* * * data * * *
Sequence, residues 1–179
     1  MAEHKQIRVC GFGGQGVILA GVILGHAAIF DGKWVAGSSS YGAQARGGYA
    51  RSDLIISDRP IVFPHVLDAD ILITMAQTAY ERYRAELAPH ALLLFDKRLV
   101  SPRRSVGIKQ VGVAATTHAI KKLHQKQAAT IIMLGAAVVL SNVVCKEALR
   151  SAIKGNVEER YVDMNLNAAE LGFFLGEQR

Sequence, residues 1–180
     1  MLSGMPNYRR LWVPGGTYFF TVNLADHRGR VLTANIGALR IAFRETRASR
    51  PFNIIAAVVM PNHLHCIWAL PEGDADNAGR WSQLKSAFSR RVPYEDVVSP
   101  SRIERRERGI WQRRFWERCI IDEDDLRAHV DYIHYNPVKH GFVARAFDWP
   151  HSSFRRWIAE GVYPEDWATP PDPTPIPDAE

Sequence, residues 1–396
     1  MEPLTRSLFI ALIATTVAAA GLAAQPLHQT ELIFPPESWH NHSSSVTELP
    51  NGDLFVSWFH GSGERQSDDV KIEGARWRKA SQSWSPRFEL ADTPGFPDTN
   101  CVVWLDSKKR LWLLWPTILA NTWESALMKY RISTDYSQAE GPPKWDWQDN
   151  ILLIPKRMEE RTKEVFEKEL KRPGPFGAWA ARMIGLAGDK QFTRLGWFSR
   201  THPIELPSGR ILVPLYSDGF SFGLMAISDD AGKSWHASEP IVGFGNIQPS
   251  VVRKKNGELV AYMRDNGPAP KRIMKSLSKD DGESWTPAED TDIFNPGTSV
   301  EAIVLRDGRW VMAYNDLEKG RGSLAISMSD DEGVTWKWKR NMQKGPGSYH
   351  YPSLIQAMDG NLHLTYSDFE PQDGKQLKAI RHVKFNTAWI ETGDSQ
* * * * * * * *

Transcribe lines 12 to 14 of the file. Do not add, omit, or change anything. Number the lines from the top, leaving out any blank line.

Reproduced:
     1  MEPLTRSLFI ALIATTVAAA GLAAQPLHQT ELIFPPESWH NHSSSVTELP
    51  NGDLFVSWFH GSGERQSDDV KIEGARWRKA SQSWSPRFEL ADTPGFPDTN
   101  CVVWLDSKKR LWLLWPTILA NTWESALMKY RISTDYSQAE GPPKWDWQDN